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St. Mary de Lode

The name St. Mary de Lode, the church in St. Mary's Square, is an indication of the proximity of the former river channel, the word lode meaning a passage across a river. This name is first recorded in 1523, the church having been previously known as St. Mary before the abbey gate. The church is the elder of the area, with a history to rival that of the Cathedral.

The church first appears in the documentary record in the mid-12th century, though a mention of the only parish church in Gloucester that appears in the Domesday Book of 1086 is believed to be a reference to St. Mary de Lode.  

The tower (minus its spire, probably a victim of storms in 1703) and chancel (the part of the church closest to the Cathedral) date to 1190. A complete rebuild of the nave in 1826, however, uncovered Roman archaeological remains which reveal the site has been built upon since the early days of the Roman period at Gloucester.

The archaeological record begins with a Roman building of high status dating to the late-1st or early-2nd century. This was replaced sometime from the mid-2nd century with a Roman temple or baths complex, with the evidence favouring the latter interpretation. The building comprised a range of rooms arranged around three sides of a central space. The walls show signs of being painted over several phases, the first of which showed a high quality. One of the rooms was built over a hypocaust, the Roman system of underfloor heating. At some date unknown, the building was at least partially destroyed by fire and was later levelled.

In the post-Roman period there is evidence in the archaeological record of a 5th- or 6th-century Romano-British timber building and burials which can be interpreted as an earlier religious site, leading to speculation that the site was the location of Britain's first Christian church, one that pre-dated the Saxon period. There is a tradition that the site is the final resting place of Lucius, a legendary 2nd-century king of the Britons credited with introducing Christianity to Britain, though this is not accepted in scholarly sources. The Romano-British building was replaced by a Saxon church, the archaeological evidence for which dates it to the 10th or 11th centuries, after the Roman colony of Glevum had been resurrected as Gloucester, an important stronghold in in the Saxon kingdom of Mercia.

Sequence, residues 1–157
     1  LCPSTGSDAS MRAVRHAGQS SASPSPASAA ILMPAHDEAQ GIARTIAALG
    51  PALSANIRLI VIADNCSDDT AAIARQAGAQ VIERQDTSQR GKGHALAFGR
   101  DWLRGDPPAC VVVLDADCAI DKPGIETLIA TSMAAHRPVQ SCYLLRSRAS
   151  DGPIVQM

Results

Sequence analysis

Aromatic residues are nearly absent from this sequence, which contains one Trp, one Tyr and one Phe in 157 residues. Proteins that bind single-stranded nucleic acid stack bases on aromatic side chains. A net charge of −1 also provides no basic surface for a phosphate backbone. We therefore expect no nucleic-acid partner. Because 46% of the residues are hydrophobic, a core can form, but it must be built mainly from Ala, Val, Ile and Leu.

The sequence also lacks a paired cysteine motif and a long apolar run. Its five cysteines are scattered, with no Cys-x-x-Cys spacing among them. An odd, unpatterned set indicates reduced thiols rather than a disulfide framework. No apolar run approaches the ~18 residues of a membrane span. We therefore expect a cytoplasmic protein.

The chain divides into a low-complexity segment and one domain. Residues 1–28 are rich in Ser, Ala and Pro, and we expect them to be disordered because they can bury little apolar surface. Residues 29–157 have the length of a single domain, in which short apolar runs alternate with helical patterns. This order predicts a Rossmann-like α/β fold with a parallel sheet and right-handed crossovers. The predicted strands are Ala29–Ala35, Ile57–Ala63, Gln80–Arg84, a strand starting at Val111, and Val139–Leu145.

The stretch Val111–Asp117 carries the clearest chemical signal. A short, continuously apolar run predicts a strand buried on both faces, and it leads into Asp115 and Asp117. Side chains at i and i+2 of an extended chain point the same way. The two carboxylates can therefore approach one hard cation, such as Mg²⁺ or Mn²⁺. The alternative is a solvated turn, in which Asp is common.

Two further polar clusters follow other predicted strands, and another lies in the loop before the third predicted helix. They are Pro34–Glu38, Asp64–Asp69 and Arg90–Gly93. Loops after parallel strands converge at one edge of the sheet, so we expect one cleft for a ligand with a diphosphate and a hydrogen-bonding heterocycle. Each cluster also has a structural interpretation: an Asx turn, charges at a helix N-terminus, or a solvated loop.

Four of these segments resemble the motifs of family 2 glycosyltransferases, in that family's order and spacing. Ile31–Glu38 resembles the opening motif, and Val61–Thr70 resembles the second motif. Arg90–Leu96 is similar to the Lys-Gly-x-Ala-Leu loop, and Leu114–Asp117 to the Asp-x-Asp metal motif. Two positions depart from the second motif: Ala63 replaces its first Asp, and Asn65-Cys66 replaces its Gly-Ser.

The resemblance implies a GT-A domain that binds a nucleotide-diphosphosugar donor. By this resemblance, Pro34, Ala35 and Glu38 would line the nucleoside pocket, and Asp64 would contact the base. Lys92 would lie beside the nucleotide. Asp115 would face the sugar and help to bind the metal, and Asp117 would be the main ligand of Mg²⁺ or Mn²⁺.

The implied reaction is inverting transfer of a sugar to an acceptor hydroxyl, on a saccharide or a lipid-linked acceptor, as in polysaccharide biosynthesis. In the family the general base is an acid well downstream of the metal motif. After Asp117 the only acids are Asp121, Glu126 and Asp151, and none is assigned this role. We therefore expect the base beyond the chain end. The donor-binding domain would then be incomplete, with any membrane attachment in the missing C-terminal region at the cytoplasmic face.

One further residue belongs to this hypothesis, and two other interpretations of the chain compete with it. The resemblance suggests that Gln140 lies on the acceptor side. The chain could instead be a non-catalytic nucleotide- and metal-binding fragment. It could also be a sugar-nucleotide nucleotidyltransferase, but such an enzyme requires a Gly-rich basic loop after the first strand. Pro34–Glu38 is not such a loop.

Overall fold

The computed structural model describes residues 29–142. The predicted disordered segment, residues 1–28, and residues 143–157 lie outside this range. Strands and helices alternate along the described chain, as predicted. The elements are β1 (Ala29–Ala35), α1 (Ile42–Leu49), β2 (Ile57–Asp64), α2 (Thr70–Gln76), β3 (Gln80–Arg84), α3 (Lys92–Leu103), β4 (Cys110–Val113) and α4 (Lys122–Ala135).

At the beginning of the Norman period, when the first stones of today's Cathedral were laid, St. Mary de Lode served as the parish church for the abbey's extensive lands in and around Gloucester. The parish included Tuffley, much of Barton Street and Wotton, and parts of Kingsholm, Longford and Twigworth. Furthermore, the churches of Maisemore, Barnwood, and Upton St. Leonards were subject to St. Mary’s.

The church was once surrounded by a graveyard. St. Mary's received burial rights as far back as the late Anglo-Saxon period, and by c.1100, when Gloucester boasted ten churches, it was one of only three to hold the right of baptism and burial, alongside the abbey and St. Oswald's. An open space between graveyard and St. Mary's Gate, known in the 19th century as the Knapp, was where John Hooper, the Protestant former Bishop of Gloucester was burned at the stake in 1555 on the orders of the Catholic Queen Mary I.


The church was twice used during the English Civil War to detain Royalist prisoners, in 1643 during the siege of Gloucester, and again in 1646.

A 12th-century abbey lease and maps of 1610 and 1712 show that properties have long existed around church and graveyard, among them two alehouses shown in 1712 in the western part of the yard which were demolished in 1861. The graveyard was used until 1854, and gravestones could still be seen in the 1930s.


In the mid-20th century, post-war redevelopment altered the square considerably. Old buildings were replaced by modern housing, gravestones were removed and the occupants of the plots they marked reinterred elsewhere. It's almost certain that numerous unmarked burials still lie in the former graveyard which, with the exception of a statue opposite St. Mary's Gate commemorating the martyring in 1555 of Bishop John Hooper, was sold in 1956 to Gloucester City Council.

Listed grade I, list # 1245668


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